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For the freezer: stuffed peppers (too ethnic?), pasta with chicken and veggies, beef stew over rice, BBQ pork over grits.

Not that I've ever been a new parent, but I wonder if they might also want some snacks for the fridge for when they're too tired or busy to even heat up a meal. String cheese, cold cuts, that sort of thing. Good luck! It's a great gift.

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If the mom is nursing, some calorie-dense foods she can eat with one hand while nursing are very helpful. A close friend brought me these fantastic oatmeal cookies right after Colin and I came home from the hospital--oatmeal is a galactagogue (encourages lactation) and the cookies were packed with things like brewer's yeast and flaxseed for extra nutrients. Plus they had chocolate chips in them. I've made them for other new mothers since and they are always received well. Other foods in this vein: good nuts, especially if they're treated to a saute in butter and spiked with salt and seasonings. Total yogurt (well, that's sorta 2-handed, but I managed to down it anyway).

I had packed tons of chili and gumbo into the freezer and planned to make a bunch of other stuff in that vein when I broke my arm at 8 months. I also had packed away several cakes and several deli cups of assorted flavors of Italian buttercream before the arm incident. These cakes were very helpful since my parents and lots of other people were constantly in and out of the house once Colin came home. (They also meant I was able to serve homemade desserts to the out-of-town Bris attendees the night before the Bris, and then I had coffeecakes and whatnot to put out with the post-Bris brunch--so there was something homemade even though I couldn't cook with my arm in the cast.)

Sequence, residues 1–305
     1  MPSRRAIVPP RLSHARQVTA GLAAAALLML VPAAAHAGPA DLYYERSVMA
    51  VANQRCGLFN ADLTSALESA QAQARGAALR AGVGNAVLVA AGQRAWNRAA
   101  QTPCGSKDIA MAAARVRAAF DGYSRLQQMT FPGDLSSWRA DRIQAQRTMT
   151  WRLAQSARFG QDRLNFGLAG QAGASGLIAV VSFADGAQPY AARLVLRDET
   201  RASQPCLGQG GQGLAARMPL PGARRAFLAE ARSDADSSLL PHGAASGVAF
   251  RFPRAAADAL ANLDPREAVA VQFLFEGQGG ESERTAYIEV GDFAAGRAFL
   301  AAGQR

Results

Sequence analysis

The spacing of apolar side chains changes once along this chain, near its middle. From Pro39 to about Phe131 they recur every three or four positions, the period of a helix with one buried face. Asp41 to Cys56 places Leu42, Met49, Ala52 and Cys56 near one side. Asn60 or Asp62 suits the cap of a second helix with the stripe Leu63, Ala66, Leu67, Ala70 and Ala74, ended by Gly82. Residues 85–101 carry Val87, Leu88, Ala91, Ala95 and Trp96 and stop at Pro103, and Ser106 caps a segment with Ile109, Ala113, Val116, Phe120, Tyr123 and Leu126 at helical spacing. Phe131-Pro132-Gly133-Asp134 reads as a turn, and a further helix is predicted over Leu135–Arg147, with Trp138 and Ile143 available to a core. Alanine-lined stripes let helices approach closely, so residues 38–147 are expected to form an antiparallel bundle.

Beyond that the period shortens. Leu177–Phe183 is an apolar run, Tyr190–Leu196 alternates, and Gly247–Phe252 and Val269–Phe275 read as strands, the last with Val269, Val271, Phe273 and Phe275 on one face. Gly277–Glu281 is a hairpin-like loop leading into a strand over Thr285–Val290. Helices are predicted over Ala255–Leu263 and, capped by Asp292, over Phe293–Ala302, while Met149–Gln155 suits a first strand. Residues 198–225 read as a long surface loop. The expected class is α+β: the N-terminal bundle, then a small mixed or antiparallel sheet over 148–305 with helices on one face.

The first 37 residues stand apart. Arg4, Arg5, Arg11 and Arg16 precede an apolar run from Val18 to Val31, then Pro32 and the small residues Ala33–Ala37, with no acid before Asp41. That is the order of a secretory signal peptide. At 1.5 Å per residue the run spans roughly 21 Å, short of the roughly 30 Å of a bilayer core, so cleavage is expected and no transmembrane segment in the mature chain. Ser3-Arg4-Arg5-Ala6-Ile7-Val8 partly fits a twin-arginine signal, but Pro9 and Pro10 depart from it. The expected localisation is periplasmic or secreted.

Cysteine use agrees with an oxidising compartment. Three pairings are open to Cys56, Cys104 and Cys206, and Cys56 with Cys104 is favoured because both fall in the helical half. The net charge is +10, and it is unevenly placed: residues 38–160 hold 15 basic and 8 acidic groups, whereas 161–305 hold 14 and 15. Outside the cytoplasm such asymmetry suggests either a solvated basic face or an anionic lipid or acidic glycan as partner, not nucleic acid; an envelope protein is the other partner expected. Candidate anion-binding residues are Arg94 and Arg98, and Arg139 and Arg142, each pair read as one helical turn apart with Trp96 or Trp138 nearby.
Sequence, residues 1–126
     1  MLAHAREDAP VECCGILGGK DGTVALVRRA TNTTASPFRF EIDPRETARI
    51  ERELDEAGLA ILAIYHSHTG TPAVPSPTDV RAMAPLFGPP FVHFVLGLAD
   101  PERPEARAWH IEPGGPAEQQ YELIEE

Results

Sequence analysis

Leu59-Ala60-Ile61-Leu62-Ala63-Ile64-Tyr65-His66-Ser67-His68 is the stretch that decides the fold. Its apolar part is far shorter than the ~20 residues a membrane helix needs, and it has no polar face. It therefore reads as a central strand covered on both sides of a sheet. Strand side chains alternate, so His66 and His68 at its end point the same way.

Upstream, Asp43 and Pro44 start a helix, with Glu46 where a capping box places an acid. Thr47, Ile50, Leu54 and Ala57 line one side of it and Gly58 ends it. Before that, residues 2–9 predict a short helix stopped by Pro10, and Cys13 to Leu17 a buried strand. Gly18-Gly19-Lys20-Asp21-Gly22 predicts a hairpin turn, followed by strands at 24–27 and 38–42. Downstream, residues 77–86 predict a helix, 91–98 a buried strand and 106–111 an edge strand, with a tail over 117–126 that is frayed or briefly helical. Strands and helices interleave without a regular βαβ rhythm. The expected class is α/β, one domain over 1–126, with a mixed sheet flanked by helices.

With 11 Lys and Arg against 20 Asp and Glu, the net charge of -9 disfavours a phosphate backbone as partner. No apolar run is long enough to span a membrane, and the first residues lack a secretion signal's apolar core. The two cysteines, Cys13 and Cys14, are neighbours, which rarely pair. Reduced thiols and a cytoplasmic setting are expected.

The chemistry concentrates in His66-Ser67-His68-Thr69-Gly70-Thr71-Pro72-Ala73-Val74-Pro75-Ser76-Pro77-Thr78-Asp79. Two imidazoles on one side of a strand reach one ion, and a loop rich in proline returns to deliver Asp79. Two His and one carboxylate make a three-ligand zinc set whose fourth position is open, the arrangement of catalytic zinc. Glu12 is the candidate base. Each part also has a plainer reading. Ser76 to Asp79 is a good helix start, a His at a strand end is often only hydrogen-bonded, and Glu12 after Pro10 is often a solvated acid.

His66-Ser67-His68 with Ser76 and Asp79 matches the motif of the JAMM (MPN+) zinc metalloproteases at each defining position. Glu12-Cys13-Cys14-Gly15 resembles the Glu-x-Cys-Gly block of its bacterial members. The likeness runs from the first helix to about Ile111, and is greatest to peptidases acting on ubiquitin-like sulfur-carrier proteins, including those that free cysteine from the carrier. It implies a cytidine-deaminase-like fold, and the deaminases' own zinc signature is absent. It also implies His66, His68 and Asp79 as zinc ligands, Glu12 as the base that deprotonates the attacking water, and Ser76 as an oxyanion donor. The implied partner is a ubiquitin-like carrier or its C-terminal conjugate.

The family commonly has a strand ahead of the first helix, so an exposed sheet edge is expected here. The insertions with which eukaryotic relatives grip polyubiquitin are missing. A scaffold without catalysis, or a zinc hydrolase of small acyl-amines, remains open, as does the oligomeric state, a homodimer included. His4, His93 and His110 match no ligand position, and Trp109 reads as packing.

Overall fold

Some milder, sweeter versions of slow-cooked things you are comfortable with may be ok. I love spicy foods and was excited to no longer have heartburn and therefore be able to indulge postpartum. I don't know what sort of ethnic foods you make, but perhaps saucy Indian curries, Chinese clay-pot dishes, or pho would work ok--and they hold well.